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Kokanee Creek Provincial Park - Balfour, BC
Posted by: Groundspeak Premium Member BK-Hunters
N 49° 36.378 W 117° 07.260
11U E 491257 N 5494865
Quick Description: This 260 hectare Provincial Park Straddles Highway 3A 19 km. east of Nelson and 12 km. west of Balfour.
Location: British Columbia, Canada
Date Posted: 12/21/2014 12:58:33 AM
Waymark Code: WMN3PM
Published By: Groundspeak Premium Member StagsRoar
Views: 0

Long Description:
This is a great park for those who like a few or a lot of amenities in a campground. The park has three campgrounds, each with serviced and unserviced camp sites. Activities available include canoeing, cycling, fishing, hiking, interpretive programs, swimming, wildlife viewing, water skiing, wind surfing, and cross country skiing and snow shoeing in the winter. Facilities include boat launch, campfires, drinking water, electrical hookups, group camping, picnic areas, pit and flush toilets, sani-station/dump, playground, showers and vehicle accessible camping. See This Page for Fees, opening and closing dates for each campground, reservations and campground sizes.

Kokanee Kokanee
Kokanee Kokanee
Kokanee Creek

With over a kilometre of sandy beaches and three campsites, Kokanee Creek Provincial Park has provincial significance and is the number one choice for tourists’ coming to the West Kootenays. There is always lots to do with an adventure playground, visitor centre, spawning channel, boat launch, group camp site, viewing platform, hiking trails and a marina nearby.

Want more? All within an hour’s drive you can explore historic Nelson, Ainsworth Hot Springs, Balfour Golf Club, Kaslo with the SS Moyie stern wheeler and finally Kokanee Glacier Provincial Park. Discover south central B.C. but save some time for Kokanee Creek Provincial Park. If you don’t, you’re going to wish you did.

Special Features: Kokanee Creek canyon and old growth western cedar and grand fir.

Nature and Culture

History - Kokanee Creek Park is located on the old “Busk” estate site. Charles W. Busk was a wealthy English gentleman who came to Nelson in the late 1800’s. He had acquired a large tract of land with lake frontage 14 miles from Nelson. From plans drawn by English architects, Busk built a large mansion that once sat on a rise a short way up Kokanee Glacier Road. As a country squire and gracious gentlemen, Mr. Busk enjoyed entertaining guests but also had many interests in surveying, mining, fruit ranching and Scouting. He lived an eloquent, lavish life style. After 1913 the romance of his new way of life had dulled and it is estimated he went through three fortunes. Sadly, within a few years he died, disillusioned by most of his ventures, withdrawn and ignored by friends whom he once had entertained so lavishly. The park as it is seen today was originally established in 1955.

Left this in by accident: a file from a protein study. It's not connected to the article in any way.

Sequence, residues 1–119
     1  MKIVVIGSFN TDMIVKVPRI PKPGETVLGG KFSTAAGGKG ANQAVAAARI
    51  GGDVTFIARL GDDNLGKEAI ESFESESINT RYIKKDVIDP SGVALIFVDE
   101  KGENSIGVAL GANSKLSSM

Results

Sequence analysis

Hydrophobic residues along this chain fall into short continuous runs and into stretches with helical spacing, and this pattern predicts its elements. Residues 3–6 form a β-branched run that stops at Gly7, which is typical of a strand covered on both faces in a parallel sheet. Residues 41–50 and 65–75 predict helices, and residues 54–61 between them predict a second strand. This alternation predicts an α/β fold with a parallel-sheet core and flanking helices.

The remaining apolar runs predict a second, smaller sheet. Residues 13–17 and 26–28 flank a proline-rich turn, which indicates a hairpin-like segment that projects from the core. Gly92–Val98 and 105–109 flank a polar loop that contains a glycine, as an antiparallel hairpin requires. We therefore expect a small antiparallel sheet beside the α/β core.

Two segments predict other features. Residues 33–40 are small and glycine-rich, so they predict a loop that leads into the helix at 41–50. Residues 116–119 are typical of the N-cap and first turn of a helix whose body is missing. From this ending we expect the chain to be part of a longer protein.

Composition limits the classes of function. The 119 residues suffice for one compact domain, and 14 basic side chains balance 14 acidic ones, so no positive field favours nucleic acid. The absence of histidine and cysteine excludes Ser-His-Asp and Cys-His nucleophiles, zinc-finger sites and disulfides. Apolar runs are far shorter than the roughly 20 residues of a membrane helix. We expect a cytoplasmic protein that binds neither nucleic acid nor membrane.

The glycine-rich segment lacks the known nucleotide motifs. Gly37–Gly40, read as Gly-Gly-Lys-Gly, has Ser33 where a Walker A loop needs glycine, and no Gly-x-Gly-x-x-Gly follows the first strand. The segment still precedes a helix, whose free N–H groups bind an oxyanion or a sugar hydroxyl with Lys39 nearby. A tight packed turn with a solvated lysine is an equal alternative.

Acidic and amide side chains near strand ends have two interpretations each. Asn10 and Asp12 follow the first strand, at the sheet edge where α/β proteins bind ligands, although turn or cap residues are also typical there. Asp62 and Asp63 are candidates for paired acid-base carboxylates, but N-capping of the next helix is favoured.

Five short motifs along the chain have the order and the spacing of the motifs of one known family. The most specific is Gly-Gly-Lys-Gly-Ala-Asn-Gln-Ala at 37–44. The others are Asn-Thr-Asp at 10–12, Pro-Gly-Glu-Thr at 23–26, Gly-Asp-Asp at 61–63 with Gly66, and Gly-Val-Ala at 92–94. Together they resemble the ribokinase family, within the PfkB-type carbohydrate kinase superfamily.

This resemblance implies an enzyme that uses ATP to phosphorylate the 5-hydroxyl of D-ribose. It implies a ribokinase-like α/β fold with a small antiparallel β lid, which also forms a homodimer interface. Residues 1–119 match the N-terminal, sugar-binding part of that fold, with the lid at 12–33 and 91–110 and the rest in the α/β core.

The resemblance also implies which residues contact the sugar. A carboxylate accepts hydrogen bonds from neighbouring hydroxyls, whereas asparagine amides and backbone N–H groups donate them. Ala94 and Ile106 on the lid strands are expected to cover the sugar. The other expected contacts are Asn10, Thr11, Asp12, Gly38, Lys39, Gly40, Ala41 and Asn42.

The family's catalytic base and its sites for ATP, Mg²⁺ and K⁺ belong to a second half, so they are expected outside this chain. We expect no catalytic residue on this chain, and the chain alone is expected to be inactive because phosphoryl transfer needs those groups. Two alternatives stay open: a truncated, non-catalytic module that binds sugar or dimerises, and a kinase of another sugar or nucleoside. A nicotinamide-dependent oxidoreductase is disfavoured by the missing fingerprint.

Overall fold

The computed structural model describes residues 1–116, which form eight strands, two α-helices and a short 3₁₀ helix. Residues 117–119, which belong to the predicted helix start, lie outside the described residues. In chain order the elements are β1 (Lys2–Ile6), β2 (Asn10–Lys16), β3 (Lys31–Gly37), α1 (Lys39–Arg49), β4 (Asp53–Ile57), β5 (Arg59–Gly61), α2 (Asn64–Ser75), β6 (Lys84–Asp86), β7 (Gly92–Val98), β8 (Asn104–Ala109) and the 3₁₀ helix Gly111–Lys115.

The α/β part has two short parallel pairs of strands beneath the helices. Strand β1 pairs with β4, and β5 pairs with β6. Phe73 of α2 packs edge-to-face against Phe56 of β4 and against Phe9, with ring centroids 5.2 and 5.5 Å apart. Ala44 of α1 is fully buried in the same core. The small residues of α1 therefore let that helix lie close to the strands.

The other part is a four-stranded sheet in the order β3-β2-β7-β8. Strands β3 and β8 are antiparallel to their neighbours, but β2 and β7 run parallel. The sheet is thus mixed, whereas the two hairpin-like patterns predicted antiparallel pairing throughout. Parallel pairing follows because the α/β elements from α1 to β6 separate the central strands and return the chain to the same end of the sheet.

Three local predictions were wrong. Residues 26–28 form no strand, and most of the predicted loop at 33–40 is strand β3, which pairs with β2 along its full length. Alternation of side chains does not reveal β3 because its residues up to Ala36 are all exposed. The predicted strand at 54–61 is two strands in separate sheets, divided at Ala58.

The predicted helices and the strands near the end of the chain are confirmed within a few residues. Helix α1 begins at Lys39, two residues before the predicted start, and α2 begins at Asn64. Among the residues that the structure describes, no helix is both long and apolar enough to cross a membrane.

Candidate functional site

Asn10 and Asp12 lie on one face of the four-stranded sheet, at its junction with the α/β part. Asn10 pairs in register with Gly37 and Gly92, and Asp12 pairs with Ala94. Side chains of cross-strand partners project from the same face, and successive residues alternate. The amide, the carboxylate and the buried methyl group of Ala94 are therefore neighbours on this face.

Cultural Heritage - Archaeological evidence in the park indicates seasonal campsites used by First Nations people. Remains of European settlement include evidence of old homesteads and an early estate. Nearby are mining ghost towns and village museums displaying the Kootenay area history.

Conservation - With 257 hectares, Kokanee Creek Park has extensive sandy beaches and a large delta area. Backed by a gentle rising upland, this area gives way to the forested slopes of the Slocan Range of the Selkirk Mountains. Kokanee Creek bisects the landscape to form a steep canyon. The park protects the active alluvial creek fan with its marshes and extensive sandspit. Both the Englemann spruce/subalpine fir and the interior cedar/hemlock biogeoclimatic zones occur here. Prime growing conditions within the park produce a diverse mix of vegetation with magnificent specimens of fir, hemlock and pine. There are both pure and mixed stands of deciduous trees as well as many of the common understory plants including wild rose, queen’s cup and skunk cabbage. Flowers, trees and shrubs are part of the park’s natural heritage, please do not damage or remove them. Wildlife - The Kokanee Creek Delta ecology includes many species of plants and animals. A variety of habitats support coyotes, beaver, whitetail and mule deer and a large number of birds ranging from the tiny Rufous hummingbird to the great blue heron. Many of the birds are migratory but kingfishers, woodpeckers and dippers can by seen throughout the year. The park also has important man-made and some natural spawning channels for kokanee salmon, which spawn in large numbers in the late summer.
From The Park

Utility Hookups: yes

Popups/RVs Allowed: yes

Pets Allowed: yes

Bathrooms Available: yes

Showers Available: yes

Cost: 30

Seasonal: From: 5/1/2014 To: 8/30/2014

Visit Instructions:
Photo of the sign if there is one, or the yourself at the spot if there isn't. If you have camped rather than just visited then a photo of your tent/camper/swag would be nice as well, together with a description of your experience there.
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